A “Family” Limited Partnership (FLP) is a Limited Partnership where most of the partners arc members of the same family group. In 2004, a U.S. Court of Appeals held that family members can enter into valid Family Limited Partnerships. A variety of other courts have also noted that there is no distinction between a Family Limited Partnership and any other type of Limited Partnership, and FLP’s can hold and protect a home. In a typical FLP, someone in the family, or corporation or limited liability company they control, acts as the general partner so that control is retained by one or more family members. If a FLP operates a family business, the parent that manages the business could serve as the general partner and the children, spouse, or other family members could be limited partners. If the FLP is used to own family investments, the spouse with the least risk and the children are often limited partners, while both spouses, or their trusts, would otherwise be the general partners.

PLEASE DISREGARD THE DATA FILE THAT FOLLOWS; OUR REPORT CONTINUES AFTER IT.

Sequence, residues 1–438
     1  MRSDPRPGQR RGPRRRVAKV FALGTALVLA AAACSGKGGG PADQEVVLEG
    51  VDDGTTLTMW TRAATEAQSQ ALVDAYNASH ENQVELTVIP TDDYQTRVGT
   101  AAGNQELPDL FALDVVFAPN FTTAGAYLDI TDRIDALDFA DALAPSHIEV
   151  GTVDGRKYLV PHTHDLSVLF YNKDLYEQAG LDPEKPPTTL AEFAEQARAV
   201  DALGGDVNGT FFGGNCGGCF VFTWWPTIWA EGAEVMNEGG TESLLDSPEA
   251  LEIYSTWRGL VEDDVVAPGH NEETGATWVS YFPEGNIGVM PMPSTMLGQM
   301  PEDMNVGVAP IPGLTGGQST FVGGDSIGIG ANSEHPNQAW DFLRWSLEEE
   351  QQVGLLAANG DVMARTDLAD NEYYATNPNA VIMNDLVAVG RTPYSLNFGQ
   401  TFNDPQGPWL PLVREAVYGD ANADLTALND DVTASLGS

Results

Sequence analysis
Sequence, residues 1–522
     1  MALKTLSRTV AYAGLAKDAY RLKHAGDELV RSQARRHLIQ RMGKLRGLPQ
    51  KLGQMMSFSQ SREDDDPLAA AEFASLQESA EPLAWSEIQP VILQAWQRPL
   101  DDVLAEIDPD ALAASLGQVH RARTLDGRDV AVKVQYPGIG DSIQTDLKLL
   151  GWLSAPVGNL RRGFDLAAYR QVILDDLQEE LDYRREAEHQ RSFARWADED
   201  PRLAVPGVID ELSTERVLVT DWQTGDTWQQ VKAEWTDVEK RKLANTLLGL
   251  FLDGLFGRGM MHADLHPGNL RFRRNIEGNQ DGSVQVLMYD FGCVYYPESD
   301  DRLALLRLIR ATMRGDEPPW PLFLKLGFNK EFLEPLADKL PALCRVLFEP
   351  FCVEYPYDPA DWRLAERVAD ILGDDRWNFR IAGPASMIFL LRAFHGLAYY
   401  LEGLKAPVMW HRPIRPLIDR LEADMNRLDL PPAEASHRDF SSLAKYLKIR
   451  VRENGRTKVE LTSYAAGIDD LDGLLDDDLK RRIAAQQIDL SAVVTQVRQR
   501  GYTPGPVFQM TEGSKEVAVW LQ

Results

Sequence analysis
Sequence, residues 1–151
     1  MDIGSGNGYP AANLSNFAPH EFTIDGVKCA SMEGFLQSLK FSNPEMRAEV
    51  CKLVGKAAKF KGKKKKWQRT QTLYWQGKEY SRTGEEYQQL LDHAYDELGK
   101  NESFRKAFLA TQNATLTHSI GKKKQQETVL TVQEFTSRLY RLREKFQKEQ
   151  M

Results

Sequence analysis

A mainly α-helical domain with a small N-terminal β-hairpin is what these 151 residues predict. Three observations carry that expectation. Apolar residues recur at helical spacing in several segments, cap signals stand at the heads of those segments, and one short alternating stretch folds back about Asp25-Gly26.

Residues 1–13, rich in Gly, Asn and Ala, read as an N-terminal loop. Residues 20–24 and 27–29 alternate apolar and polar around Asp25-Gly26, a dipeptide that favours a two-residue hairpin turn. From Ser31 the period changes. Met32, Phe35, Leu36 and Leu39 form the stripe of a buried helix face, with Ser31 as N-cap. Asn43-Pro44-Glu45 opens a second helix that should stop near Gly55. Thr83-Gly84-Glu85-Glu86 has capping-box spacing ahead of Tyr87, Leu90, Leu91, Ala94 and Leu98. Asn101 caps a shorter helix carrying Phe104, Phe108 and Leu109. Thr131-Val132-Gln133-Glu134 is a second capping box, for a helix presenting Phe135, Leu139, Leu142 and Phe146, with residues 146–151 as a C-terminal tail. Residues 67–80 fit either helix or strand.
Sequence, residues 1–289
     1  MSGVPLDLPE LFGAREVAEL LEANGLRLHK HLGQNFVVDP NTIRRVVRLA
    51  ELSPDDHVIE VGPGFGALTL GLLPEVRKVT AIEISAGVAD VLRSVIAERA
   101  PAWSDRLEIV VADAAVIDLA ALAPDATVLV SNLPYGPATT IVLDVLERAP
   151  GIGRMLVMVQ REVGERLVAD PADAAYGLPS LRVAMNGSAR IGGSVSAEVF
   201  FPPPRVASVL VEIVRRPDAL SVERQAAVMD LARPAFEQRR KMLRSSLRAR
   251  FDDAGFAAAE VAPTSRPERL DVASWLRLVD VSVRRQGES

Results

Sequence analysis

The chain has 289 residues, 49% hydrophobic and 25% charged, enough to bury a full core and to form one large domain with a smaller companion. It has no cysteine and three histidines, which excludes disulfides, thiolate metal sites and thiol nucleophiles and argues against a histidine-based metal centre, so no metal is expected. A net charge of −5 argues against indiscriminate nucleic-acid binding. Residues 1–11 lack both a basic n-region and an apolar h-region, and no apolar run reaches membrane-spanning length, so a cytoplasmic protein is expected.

You should make certain that in placing a residence into a FLP that only those holding title to the residence are the initial owners of the FLP, and that they own both in the same percentages of ownership. This is because in recent years the IRS has scrutinized the FLP for valuation, estate, and gift tax purposes. These questions, however, only arise if there has been a “transfer” as defined in the federal tax laws. No gift tax is imposed if a taxpayer makes a transfer to himself. And, where a taxpayer contributes property to a FLP which he owns in the same percentage as he owned the contributed property, there is also no gift tax, since there is deemed to have been no “transfer”
Legally Mine, Dan McNeff,